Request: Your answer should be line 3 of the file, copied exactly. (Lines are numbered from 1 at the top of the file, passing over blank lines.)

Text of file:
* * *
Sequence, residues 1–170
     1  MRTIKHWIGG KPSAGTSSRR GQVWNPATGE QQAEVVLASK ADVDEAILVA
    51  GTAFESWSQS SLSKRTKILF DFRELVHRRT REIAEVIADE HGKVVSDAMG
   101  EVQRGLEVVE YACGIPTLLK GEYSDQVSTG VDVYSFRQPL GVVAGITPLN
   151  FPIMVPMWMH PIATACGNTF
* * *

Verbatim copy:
    51  GTAFESWSQS SLSKRTKILF DFRELVHRRT REIAEVIADE HGKVVSDAMG